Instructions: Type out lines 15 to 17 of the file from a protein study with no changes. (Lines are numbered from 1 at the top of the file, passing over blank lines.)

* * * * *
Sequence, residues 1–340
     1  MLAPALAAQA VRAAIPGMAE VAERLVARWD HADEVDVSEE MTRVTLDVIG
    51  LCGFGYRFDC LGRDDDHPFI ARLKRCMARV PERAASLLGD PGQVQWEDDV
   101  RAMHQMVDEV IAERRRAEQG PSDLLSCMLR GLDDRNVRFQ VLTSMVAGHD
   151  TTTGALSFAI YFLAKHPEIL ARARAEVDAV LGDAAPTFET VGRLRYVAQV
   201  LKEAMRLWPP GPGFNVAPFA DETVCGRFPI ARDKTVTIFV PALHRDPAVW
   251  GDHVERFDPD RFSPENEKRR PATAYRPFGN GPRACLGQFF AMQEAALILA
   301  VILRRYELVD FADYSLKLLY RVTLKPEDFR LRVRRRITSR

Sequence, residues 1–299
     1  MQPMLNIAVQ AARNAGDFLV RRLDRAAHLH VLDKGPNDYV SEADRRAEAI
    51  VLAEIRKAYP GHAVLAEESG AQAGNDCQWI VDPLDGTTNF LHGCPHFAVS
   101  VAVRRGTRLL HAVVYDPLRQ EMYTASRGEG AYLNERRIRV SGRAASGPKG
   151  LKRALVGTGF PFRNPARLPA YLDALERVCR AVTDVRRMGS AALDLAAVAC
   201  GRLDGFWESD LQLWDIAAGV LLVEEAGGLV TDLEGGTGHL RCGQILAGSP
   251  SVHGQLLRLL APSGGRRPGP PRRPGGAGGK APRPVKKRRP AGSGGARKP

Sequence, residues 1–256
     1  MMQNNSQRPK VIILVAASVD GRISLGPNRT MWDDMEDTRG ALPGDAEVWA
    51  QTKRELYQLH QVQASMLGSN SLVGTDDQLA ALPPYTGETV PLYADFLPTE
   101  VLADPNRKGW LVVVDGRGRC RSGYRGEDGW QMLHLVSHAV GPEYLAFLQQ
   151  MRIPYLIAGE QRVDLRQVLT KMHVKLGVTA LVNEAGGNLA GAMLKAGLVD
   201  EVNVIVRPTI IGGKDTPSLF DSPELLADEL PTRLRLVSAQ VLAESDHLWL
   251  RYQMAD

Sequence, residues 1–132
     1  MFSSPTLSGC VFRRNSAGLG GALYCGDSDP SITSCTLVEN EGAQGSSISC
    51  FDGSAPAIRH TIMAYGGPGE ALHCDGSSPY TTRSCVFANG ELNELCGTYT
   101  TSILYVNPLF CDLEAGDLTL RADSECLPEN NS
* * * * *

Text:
   251  SVHGQLLRLL APSGGRRPGP PRRPGGAGGK APRPVKKRRP AGSGGARKP

Sequence, residues 1–256
     1  MMQNNSQRPK VIILVAASVD GRISLGPNRT MWDDMEDTRG ALPGDAEVWA